What are CAT III Alternative Investment Funds and what are the advantages for investors?
In Category III AIFs, taxation occurs at the fund level, meaning that the redemption proceeds received by the investor are tax-exempt.
As per the SEBI AIF regulations of 2012, Category III AIF (Alternative Investment Funds) are investment funds that employ diversified trading and investment techniques, including the use of leverage, for both listed and unlisted financial instruments. These AIFs can be either long-only or long-short strategies and may operate as either open-ended or closed-ended funds.
Open-ended funds typically allow investors to add or withdraw funds at any time, although some may have specific lock-in periods.
Category III AIFs primarily focus on investing in publicly traded equities, similar to the approach taken by mutual funds or Portfolio Management Services (PMS). While some of these funds may also venture into unlisted equities, the primary focus is on publicly traded securities. SEBI regulations stipulate that such funds can allocate a maximum of 10 per cent of their investable capital to any single company
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What are the advantages for investors in Category III AIFs?
1. Taxation: In Category III AIFs, taxation occurs at the fund level, meaning that the redemption proceeds received by the investor are tax-exempt. According to Aman Soni, Head of operations at Prudent Equity, the funds themselves are responsible for paying taxes based on their specific structure and investment strategy.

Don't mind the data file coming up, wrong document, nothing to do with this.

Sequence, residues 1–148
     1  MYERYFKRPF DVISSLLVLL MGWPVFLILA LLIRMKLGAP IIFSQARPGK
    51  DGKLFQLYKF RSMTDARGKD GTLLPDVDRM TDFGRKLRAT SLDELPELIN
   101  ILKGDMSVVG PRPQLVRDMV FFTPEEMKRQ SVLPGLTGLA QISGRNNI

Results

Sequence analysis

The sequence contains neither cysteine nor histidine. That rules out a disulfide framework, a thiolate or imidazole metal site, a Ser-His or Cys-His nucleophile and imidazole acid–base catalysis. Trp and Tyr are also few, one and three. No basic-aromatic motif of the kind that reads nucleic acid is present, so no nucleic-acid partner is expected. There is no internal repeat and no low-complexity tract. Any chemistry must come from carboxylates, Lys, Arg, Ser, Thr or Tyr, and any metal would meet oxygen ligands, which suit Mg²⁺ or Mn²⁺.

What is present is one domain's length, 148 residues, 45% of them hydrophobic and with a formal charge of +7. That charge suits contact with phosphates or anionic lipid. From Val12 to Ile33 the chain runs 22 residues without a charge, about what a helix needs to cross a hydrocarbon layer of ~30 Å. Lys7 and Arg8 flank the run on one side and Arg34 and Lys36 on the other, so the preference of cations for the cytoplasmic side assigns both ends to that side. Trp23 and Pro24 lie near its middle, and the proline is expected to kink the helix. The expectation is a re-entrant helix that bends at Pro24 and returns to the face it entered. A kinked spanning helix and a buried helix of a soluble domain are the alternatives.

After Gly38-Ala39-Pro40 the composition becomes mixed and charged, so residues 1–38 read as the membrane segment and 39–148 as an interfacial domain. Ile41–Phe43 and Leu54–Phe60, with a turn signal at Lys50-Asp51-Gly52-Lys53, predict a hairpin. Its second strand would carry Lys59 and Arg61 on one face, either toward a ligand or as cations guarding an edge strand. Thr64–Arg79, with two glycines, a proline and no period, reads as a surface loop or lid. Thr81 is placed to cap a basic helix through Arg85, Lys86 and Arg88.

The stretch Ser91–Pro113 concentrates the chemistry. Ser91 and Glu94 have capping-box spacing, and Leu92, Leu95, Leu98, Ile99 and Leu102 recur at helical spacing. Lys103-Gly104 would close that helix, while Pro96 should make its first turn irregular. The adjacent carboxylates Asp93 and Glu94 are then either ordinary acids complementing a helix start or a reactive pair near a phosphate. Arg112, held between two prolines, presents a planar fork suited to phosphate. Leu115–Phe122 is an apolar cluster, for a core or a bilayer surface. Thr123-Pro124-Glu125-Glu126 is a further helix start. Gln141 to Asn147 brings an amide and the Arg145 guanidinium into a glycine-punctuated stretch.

“For example, a long-short fund engaged in leveraged transactions may incur higher taxes compared to a long-only fund, which is taxed at the applicable slab rates. This eliminates the need for investors to calculate taxes on their investments at the end of the financial year, providing added convenience,” he said.
2. Diversified Portfolio of Companies: Unlike a PMS where each individual investor has their own demat account and stocks are credited individually, Category III AIF investors receive units of the fund at a specific Net Asset Value (NAV), which represents a diversified portfolio of companies. This means that from day one, an investor's money can begin generating returns if the portfolio of companies appreciates in value. This structure is similar to what mutual fund investors experience.
3. Freedom for the Fund Manager: Category III AIFs currently enjoy relatively more flexibility from a SEBI perspective compared to mutual funds or PMS. For instance, mutual funds are typically restricted from holding cash above a certain percentage of their Assets Under Management (AUM) and must continually seek investment opportunities.
“This sometimes forces fund managers to buy securities in an overheated market. In contrast, AIF fund managers have the freedom to implement their own strategies. They can choose to hold cash and patiently wait for the right time to deploy capital, potentially resulting in better returns for investors. This is evident from the trend where we observe top Asset Management Company (AMC) fund managers departing from their existing organizations to establish their own ventures as AIF fund managers,” Soni summed up.